I have just noticed on re-reading my first two posts, that I haven’t actually included the stats that I am basing my argument on and talked about later. That is the very low percentage of badge holders in my area (2.7% of people but much lower given other commercial factors) with the number of disabled places (40% in the main car park). I cannot understand how or why it is not included. I use it to argue my point (that strong stats/evidence negate an argument from ignorance) and I think I imply or state that you missed it, but I have not included it. For that I must apologise and until I mentioned it, I concede that your case is valid and it appeared little more acceptable than the Ops example.

But after I mentioned stats, you still seem to think I have missed the point, but I may be wrong. But most of what I want to say is covered in this post.

Perhaps the question could be, ‘to what extent should one give leeway or when should one intervene/challenge/question, based on evidence.’ And I think the answer is that such evidence needs to be more widely (and not subjectively) accepted as reasonable. This will help exclude the likelihood of the toupee fallacy and make it reasonable, if not conclusive a judgement or conclusion. At least until or unless further information comes to light.

In a coconut shell.

I felt that you were taking it too seriously and missing the human element. Stereotyping and political correctness in the post are issues to be addressed. And also being literal or unwaiving in making claims, means no stats or evidence can ever really be secure, if/as such huge unlikely-hoods are to be considered, e.g. yes, maybe there is a secret close-by city full of disabled badge holders who use it (in which case, you could gracefully concede, but no typical person would be expected to consider such things when making decisions or asking questions. If that is the range of a toupee fallacy, you can keep that). A supposed thief, running out of a store may be an actor in a film, but if we were to always be so willing to consider the very best in people in the extreme, thieves would surely love it. But my point on this is that you are not considering the human factor. That we weigh things up quickly in making decisions and tend to exclude the highly unlikely, we can actually function. And I think if you polled people about if they think the bays are abused, you would get a large majority thinking they are, but THIS could well be a toupee BECAUSE it is based on nothing of real relevance, even if you agreed with me about the likely consensus. I refer you to numerous other examples I used, like the 99% stat claim of women in a shopping centre not being a reflection of your experience to which you would make a judgement comparing observation with stats and challenging your senses or the stats. You don’t need to go and proclaim a lie, you could merely raise the matter and seek possible explanations.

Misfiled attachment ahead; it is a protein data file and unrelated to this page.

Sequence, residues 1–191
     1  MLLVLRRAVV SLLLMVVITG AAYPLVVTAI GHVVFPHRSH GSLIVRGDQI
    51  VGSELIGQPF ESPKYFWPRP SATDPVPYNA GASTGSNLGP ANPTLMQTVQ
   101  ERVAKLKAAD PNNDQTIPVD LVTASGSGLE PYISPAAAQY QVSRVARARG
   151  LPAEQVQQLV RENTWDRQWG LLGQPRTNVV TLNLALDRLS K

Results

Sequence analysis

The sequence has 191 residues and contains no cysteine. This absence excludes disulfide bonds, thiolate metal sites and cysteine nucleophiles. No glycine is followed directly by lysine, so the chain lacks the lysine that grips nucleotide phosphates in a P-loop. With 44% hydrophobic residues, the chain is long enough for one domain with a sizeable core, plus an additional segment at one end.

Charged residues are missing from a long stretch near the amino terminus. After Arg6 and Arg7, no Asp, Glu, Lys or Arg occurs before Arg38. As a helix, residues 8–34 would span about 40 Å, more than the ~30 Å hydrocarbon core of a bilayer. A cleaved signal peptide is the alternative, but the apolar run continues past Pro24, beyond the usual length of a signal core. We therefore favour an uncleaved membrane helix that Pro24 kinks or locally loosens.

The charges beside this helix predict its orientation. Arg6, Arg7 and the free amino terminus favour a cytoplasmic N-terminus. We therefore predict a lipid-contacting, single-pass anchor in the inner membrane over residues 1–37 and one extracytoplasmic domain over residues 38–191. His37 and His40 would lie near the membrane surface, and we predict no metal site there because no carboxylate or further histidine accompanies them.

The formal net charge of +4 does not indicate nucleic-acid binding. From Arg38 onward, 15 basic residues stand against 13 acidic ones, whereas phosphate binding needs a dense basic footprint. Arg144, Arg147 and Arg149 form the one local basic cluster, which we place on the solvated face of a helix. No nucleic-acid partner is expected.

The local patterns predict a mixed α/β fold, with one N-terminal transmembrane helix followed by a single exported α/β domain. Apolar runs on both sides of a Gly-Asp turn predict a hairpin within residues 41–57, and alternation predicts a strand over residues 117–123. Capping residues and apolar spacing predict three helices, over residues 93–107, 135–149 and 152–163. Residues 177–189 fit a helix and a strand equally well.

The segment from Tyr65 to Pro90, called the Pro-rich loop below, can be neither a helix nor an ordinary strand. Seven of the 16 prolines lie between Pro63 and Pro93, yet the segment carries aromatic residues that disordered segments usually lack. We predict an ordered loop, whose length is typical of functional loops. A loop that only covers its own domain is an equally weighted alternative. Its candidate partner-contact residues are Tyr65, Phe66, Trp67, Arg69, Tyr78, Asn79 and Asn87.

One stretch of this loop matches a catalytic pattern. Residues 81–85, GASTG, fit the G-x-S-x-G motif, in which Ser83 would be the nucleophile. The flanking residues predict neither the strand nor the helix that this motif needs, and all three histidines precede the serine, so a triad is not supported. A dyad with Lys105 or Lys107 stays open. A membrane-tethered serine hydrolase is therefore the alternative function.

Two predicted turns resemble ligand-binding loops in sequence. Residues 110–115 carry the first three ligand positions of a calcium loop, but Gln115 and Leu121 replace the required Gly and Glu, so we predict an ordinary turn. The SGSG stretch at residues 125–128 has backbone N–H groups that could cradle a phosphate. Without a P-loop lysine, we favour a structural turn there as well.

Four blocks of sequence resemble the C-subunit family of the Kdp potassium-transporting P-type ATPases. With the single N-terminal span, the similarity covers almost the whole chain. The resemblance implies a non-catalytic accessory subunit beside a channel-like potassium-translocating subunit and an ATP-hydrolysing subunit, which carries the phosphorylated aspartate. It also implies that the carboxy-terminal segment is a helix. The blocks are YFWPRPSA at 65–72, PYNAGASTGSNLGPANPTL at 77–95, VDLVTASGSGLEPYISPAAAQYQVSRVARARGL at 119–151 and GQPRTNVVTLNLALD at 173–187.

I didn’t supply any supporting stats due to the general nature of the discussion.